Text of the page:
Electronic aids to daily living: be able to do what you want.

Hdl Handle:
http://hdl.handle.net/10147/139310
Title:
Electronic aids to daily living: be able to do what you want.
Authors:
Verdonck, Michèle Claire; Chard, Gill; Nolan, Maeve
Affiliation:
Occupational Therapy, National Rehabilitation Hospital, Rochestown Ave, Dun Laoghaire, Co Dublin, Ireland. great.sci@gmail.com
Citation:
Electronic aids to daily living: be able to do what you want. 2011, 6 (3):268-81 Disabil Rehabil Assist Technol
Journal:
Disability and rehabilitation. Assistive technology
Issue Date:
2011
URI:
http://hdl.handle.net/10147/139310
DOI:
10.3109/17483107.2010.525291
PubMed ID:
20939677
Additional Links:
http://www.ncbi.nlm.nih.gov/pubmed/20939677
Abstract:
This study explores the experiences of Irish people with high cervical spinal cord injuries living with electronic aids to daily living (EADL) and the meaning attributed to such systems in the context of participation in everyday life.; Qualitative methodology using a phenomenological approach was used to explore the phenomenon of living with EADL. Data were collected using four focus groups of users and nonusers of EADL (n = 15). All participants had high cervical spinal cord injuries (C3-5). Groups were video recorded, transcribed verbatim and analysed using descriptive phenomenological analysis.; Findings revealed key elements of the meaning of living with EADL. Two key themes, time alone and changed relationships are described. These contribute to the super ordinate theme of autonomy. Findings suggest that participants perceived improvements in both anticipated and actual lived experiences with EADL. Themes are interrelated and together represent a summary of the experience of living with environmental controls. The themes described are similar to those found in other spinal injury studies relating to quality of life.; Findings highlight differences in life experiences for those with and without EADL and provides motivation to address this difference. Such insights are valuable for both users and providers of EADL.
Item Type:
Article
Language:
en
MeSH:
Adaptation, Psychological; Disability Evaluation; Electronics; Focus Groups; Humans; Ireland; Occupational Therapy; Personal Autonomy; Psychometrics; Qualitative Research; Quality of Life; Self-Help Devices; Social Participation; Spinal Cord Injuries; Stress, Psychological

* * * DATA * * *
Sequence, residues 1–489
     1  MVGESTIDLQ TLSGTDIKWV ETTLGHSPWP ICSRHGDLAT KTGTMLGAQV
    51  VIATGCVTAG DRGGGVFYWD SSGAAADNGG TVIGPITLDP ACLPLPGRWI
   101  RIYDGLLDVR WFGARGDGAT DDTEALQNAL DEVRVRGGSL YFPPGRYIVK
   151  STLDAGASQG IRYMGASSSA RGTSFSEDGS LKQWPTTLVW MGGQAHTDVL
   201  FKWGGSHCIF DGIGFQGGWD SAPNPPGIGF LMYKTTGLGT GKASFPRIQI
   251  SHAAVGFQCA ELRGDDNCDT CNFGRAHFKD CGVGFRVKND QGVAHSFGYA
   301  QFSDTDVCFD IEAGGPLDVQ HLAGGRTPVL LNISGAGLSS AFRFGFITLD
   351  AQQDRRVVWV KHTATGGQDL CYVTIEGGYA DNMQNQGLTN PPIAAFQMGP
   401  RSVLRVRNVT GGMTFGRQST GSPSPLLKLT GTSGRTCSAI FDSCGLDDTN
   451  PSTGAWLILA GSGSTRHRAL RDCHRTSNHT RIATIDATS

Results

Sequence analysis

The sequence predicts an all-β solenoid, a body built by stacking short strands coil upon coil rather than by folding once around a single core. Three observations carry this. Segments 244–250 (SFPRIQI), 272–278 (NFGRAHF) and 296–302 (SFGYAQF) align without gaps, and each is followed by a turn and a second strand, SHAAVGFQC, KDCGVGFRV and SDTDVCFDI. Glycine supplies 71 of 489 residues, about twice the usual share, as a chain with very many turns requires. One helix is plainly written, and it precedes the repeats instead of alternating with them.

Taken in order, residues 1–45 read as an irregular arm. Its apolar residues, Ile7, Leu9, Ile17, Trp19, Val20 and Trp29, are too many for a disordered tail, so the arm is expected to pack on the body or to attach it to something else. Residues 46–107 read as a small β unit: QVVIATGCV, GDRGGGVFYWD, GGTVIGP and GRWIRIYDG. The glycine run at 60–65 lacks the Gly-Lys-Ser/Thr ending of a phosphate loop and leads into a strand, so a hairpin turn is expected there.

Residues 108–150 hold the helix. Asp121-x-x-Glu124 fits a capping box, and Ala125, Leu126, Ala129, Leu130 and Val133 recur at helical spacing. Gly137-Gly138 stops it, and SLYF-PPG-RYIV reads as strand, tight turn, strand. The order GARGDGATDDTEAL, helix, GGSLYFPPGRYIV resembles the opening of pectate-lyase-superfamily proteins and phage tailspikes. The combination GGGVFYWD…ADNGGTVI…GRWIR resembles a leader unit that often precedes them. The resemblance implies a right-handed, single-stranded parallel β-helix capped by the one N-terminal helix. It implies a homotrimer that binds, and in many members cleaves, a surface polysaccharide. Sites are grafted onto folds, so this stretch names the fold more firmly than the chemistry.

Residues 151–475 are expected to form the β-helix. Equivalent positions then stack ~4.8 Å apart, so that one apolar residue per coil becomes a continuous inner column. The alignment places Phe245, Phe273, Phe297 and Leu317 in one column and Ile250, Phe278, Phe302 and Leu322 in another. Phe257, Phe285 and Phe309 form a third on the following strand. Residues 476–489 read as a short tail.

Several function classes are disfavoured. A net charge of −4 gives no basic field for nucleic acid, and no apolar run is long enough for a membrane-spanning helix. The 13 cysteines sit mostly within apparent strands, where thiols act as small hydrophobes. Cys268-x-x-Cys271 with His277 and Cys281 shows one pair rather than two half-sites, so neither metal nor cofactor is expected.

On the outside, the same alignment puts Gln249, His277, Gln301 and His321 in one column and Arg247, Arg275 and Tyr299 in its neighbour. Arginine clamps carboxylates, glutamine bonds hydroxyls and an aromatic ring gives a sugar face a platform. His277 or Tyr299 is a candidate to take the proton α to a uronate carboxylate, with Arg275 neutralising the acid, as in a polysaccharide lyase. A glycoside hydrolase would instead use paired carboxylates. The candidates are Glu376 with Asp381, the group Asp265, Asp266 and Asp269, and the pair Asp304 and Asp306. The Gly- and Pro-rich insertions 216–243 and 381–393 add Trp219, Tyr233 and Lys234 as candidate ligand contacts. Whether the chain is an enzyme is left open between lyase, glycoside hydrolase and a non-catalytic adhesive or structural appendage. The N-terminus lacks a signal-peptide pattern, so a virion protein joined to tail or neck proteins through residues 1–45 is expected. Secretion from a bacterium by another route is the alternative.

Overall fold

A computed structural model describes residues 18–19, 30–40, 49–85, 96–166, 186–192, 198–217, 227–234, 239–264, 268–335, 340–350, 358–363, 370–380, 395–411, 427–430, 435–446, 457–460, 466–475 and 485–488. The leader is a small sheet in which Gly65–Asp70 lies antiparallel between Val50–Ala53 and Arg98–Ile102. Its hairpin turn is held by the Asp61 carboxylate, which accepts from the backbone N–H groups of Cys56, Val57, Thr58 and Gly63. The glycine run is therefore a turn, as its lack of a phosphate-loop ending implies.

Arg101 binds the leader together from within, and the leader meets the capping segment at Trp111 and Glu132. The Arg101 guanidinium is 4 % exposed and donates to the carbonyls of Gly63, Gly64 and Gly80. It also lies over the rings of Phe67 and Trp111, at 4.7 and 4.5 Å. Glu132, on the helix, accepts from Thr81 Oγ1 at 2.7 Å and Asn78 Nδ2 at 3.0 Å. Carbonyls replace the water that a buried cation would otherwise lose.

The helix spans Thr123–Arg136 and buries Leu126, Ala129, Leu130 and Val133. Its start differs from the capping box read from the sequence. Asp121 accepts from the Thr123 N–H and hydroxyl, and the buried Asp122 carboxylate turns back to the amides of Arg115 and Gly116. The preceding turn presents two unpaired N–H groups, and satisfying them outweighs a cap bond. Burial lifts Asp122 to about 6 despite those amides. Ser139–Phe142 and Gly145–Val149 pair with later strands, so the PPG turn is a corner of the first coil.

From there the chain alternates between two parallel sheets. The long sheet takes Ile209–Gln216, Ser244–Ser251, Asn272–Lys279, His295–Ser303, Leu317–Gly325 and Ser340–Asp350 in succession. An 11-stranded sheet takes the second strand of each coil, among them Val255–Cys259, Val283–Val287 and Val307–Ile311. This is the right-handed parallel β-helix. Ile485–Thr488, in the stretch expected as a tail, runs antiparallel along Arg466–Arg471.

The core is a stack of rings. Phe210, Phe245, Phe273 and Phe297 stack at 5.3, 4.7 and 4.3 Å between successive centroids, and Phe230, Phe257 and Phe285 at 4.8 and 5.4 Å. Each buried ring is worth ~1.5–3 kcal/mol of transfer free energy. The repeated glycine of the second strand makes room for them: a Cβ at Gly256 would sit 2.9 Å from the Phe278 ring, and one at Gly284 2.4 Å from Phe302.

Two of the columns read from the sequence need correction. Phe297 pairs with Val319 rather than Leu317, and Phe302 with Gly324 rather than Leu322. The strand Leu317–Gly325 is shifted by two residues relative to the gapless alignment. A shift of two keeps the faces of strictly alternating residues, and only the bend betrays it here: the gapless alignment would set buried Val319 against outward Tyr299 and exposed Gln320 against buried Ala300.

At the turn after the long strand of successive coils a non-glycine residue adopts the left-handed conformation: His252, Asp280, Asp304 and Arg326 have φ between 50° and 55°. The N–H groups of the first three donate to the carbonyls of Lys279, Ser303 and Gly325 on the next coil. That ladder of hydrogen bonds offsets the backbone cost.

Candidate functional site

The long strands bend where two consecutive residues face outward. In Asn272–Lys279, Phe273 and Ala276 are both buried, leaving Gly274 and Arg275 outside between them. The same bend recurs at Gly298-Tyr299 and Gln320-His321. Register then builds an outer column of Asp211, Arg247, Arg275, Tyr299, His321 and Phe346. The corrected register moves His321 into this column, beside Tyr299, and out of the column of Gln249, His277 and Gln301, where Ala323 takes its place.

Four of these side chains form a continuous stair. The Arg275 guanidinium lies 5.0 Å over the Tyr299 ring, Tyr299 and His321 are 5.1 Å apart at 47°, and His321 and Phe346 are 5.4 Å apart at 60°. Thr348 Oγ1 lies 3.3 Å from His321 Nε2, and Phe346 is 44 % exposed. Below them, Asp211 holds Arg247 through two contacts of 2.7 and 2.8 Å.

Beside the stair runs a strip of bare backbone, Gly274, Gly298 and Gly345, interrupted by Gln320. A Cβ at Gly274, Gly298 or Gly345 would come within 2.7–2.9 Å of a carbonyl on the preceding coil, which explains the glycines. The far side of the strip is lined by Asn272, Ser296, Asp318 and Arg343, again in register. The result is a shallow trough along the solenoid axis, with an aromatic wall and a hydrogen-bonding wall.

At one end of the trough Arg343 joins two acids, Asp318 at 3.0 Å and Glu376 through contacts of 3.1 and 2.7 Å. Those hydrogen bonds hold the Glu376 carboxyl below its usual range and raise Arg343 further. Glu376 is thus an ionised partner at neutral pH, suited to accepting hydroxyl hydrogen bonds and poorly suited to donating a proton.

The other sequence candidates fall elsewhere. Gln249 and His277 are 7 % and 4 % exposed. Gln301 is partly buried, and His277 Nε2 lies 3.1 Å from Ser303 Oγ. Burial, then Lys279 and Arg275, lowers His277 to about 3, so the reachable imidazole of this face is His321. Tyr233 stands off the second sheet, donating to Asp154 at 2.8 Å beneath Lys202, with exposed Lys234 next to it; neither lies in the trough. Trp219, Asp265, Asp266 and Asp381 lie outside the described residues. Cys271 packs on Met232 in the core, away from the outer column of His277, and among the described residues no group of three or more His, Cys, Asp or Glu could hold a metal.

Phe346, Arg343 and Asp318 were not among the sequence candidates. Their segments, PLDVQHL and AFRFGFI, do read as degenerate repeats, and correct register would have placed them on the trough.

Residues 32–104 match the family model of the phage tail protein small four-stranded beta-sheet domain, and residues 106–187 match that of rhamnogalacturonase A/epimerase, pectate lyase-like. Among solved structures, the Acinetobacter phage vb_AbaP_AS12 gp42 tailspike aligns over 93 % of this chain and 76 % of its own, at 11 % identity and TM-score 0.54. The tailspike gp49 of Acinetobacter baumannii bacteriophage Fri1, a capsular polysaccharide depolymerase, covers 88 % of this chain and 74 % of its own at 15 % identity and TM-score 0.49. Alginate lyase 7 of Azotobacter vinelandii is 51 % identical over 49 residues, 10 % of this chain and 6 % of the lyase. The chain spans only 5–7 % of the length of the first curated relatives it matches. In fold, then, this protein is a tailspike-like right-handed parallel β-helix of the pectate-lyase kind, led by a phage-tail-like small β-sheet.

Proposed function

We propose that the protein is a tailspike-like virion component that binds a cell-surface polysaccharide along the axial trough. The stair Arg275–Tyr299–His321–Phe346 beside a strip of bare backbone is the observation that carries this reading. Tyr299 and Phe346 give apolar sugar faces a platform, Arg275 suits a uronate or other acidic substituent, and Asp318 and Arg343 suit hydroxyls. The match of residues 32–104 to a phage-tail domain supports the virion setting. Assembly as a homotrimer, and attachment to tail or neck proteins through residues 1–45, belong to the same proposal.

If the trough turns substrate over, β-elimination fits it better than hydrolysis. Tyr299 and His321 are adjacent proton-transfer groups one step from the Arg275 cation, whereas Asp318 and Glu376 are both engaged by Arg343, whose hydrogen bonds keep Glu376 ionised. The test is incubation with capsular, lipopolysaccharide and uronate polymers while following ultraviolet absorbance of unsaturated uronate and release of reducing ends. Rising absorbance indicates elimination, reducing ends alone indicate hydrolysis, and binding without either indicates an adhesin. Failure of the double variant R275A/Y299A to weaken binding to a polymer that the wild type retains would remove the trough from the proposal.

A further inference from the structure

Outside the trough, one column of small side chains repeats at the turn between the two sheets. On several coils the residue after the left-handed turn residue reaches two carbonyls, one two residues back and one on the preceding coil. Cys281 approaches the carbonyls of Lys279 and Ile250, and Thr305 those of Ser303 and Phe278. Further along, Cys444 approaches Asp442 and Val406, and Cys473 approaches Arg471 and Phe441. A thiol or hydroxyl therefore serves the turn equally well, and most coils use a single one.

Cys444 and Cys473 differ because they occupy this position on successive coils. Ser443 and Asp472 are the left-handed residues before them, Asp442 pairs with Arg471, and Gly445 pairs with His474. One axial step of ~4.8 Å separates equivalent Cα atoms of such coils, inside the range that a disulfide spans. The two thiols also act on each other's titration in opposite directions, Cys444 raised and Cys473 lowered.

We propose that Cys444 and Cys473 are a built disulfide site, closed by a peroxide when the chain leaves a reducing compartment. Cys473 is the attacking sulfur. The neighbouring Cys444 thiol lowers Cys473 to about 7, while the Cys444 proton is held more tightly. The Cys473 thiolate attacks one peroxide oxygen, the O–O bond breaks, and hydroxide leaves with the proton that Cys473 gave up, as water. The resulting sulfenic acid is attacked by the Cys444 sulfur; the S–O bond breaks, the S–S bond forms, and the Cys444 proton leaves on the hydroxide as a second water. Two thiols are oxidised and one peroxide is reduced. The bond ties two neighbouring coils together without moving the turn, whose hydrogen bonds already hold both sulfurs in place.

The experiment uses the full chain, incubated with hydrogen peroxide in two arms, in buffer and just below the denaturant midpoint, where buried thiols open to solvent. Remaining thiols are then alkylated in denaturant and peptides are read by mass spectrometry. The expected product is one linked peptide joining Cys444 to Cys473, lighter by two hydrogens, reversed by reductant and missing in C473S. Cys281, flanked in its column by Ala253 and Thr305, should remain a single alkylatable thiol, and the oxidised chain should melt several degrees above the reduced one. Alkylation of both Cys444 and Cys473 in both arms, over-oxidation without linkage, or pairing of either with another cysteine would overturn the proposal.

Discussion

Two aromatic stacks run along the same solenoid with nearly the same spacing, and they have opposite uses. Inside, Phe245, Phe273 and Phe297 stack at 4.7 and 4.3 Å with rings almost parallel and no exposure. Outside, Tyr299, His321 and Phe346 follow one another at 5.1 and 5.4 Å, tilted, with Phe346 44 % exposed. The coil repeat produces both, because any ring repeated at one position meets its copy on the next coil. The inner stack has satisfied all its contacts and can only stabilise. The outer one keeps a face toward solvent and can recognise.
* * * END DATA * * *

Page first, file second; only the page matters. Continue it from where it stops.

ISSN:
1748-3115

Full metadata record

DC FieldValue Language
dc.contributor.authorVerdonck, Michèle Claireen
dc.contributor.authorChard, Gillen
dc.contributor.authorNolan, Maeveen
dc.date.accessioned2011-08-10T11:53:42Z-
dc.date.available2011-08-10T11:53:42Z-
dc.date.issued2011-
dc.identifier.citationElectronic aids to daily living: be able to do what you want. 2011, 6 (3):268-81 Disabil Rehabil Assist Technolen
dc.identifier.issn1748-3115-
dc.identifier.pmid20939677-
dc.identifier.doi10.3109/17483107.2010.525291-
dc.identifier.urihttp://hdl.handle.net/10147/139310-
dc.description.abstractThis study explores the experiences of Irish people with high cervical spinal cord injuries living with electronic aids to daily living (EADL) and the meaning attributed to such systems in the context of participation in everyday life.-
dc.description.abstractQualitative methodology using a phenomenological approach was used to explore the phenomenon of living with EADL. Data were collected using four focus groups of users and nonusers of EADL (n = 15). All participants had high cervical spinal cord injuries (C3-5). Groups were video recorded, transcribed verbatim and analysed using descriptive phenomenological analysis.-
dc.description.abstractFindings revealed key elements of the meaning of living with EADL. Two key themes, time alone and changed relationships are described. These contribute to the super ordinate theme of autonomy. Findings suggest that participants perceived improvements in both anticipated and actual lived experiences with EADL. Themes are interrelated and together represent a summary of the experience of living with environmental controls. The themes described are similar to those found in other spinal injury studies relating to quality of life.-
dc.description.abstractFindings highlight differences in life experiences for those with and without EADL and provides motivation to address this difference. Such insights are valuable for both users and providers of EADL.-
dc.language.isoenen
dc.relation.urlhttp://www.ncbi.nlm.nih.gov/pubmed/20939677en
dc.subject.meshAdaptation, Psychological-
dc.subject.meshDisability Evaluation-
dc.subject.meshElectronics-
dc.subject.meshFocus Groups-
dc.subject.meshHumans-
dc.subject.meshIreland-
dc.subject.meshOccupational Therapy-
dc.subject.meshPersonal Autonomy-
dc.subject.meshPsychometrics-
dc.subject.meshQualitative Research-
dc.subject.meshQuality of Life-
dc.subject.meshSelf-Help Devices-
dc.subject.meshSocial Participation-
dc.subject.meshSpinal Cord Injuries-
dc.subject.meshStress, Psychological-
dc.titleElectronic aids to daily living: be able to do what you want.en
dc.typeArticleen
dc.contributor.departmentOccupational Therapy, National Rehabilitation Hospital, Rochestown Ave, Dun Laoghaire, Co Dublin, Ireland. great.sci@gmail.comen
dc.identifier.journalDisability and rehabilitation. Assistive technologyen
dc.description.provinceLeinster-

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